The only disadvantage is that the machine that dumps to my NAS has to be at home on my local LAN.

I am thinking of trying out Synology's DSM 4.0: http://www.synology.com/dsm/index.php?lang=enu

If it claims to do what they say it does, it should be like my own dropbox in the cloud. Then I can sync my one main folder across all my machines and my NAS. This eliminates the need for windows live sync - and I don't have to be at home to dump data to the NAS. I can also setup a script to make periodic snapshots of the folder. The only issue is currently the synology only has windows clients - and all my machines are macs... so I am still waiting to pull the trigger.

more than 2 years ago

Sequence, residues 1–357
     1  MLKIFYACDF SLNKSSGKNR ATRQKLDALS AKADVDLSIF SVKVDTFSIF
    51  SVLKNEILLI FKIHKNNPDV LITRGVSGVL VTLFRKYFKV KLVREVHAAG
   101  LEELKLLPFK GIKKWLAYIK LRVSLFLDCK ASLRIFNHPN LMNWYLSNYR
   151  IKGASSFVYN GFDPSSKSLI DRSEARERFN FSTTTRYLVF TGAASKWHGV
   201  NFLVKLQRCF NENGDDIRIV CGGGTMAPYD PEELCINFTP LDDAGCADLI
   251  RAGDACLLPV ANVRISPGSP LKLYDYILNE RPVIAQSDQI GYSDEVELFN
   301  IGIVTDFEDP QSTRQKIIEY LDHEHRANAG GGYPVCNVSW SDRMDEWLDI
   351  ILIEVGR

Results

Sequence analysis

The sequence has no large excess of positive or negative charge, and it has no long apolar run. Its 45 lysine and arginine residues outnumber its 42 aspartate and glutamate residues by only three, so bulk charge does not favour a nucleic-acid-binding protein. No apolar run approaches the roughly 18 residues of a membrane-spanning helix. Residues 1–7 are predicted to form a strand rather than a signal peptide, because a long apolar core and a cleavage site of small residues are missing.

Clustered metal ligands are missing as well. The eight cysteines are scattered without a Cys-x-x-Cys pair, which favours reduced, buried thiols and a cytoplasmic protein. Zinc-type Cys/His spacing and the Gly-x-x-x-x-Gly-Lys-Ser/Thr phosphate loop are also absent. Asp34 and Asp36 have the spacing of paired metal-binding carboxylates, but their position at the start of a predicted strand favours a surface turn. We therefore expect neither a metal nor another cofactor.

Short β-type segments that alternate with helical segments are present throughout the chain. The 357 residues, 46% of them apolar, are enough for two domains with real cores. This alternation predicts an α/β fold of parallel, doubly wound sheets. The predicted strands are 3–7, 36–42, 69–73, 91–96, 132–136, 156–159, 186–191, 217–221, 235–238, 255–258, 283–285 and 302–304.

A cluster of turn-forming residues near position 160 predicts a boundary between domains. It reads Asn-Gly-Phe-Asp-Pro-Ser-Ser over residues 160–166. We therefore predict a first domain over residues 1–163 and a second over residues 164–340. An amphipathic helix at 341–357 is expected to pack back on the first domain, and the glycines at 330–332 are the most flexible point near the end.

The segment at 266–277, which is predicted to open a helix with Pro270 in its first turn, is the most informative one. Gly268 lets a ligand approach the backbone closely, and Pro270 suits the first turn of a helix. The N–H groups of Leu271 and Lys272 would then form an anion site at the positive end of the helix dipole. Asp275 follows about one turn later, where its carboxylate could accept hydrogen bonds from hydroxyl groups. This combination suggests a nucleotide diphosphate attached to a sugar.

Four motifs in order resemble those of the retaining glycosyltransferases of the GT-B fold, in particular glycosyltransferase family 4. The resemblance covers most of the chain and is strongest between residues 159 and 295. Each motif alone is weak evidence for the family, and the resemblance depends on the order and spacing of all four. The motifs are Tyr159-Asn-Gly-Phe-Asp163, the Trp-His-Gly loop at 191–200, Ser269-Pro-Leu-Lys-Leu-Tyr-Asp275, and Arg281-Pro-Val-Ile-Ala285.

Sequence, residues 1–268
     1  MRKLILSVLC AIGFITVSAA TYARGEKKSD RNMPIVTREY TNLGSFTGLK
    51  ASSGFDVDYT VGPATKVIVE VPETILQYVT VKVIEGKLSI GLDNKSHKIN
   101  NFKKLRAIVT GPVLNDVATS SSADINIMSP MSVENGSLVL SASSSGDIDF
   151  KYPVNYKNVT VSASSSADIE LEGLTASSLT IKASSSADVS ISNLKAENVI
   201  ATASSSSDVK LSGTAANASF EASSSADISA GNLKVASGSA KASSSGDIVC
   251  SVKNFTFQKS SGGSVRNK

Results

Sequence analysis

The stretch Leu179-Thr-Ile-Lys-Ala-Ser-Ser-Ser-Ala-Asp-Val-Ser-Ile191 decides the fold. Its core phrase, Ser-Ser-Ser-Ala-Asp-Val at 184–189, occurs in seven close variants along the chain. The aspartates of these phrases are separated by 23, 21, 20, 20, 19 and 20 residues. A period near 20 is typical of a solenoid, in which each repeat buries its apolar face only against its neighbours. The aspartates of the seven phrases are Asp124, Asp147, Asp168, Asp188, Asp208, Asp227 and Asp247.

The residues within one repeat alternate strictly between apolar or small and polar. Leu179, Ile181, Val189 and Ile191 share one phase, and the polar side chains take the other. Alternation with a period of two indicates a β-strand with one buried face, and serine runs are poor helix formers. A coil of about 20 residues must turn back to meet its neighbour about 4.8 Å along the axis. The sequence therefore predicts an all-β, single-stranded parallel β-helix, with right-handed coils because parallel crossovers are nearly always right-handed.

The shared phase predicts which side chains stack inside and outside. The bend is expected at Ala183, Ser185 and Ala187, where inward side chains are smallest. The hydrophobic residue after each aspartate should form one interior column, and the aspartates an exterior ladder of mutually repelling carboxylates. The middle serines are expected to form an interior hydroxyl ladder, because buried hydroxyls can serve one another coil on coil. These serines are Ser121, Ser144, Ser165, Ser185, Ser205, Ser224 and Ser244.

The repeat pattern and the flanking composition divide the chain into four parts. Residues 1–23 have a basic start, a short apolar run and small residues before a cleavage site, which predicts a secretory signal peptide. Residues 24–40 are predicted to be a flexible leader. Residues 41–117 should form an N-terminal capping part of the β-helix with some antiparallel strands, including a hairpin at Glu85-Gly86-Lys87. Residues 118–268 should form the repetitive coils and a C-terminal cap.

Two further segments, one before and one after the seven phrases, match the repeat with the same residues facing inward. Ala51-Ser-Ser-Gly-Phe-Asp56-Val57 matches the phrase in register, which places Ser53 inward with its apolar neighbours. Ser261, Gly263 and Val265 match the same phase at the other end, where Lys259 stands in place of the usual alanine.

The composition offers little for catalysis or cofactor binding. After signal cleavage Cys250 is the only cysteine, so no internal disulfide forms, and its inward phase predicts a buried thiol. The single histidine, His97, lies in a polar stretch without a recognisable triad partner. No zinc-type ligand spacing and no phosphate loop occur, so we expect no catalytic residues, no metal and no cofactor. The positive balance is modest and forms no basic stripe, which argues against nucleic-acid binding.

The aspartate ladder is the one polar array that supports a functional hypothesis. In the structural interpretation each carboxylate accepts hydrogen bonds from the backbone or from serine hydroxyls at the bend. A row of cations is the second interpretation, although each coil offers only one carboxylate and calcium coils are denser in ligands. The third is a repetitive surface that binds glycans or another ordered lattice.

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Roundabout Revolution Sweeping US

roubles I have lived in a country with roundabouts... (1173 comments)

...specifically Bahrain, and they are now replacing their roundabouts with traffic light squares...

Roundabouts get specifically confusing when there are three lanes. The tricky part is say you want to take the left (third) exit at a three lane roundabout. You have to start out in the innermost lane, because that is the left lane, and then after you cross the first and second exit, you have to move into the right most lane. Now this is hard to do while you are driving around in a circle. People can't even change lanes safely on a straight road. Also, other people on the roundabout are playing the same musical chairs with the lanes to get off on their respective exits and there are some possible deadlock situations.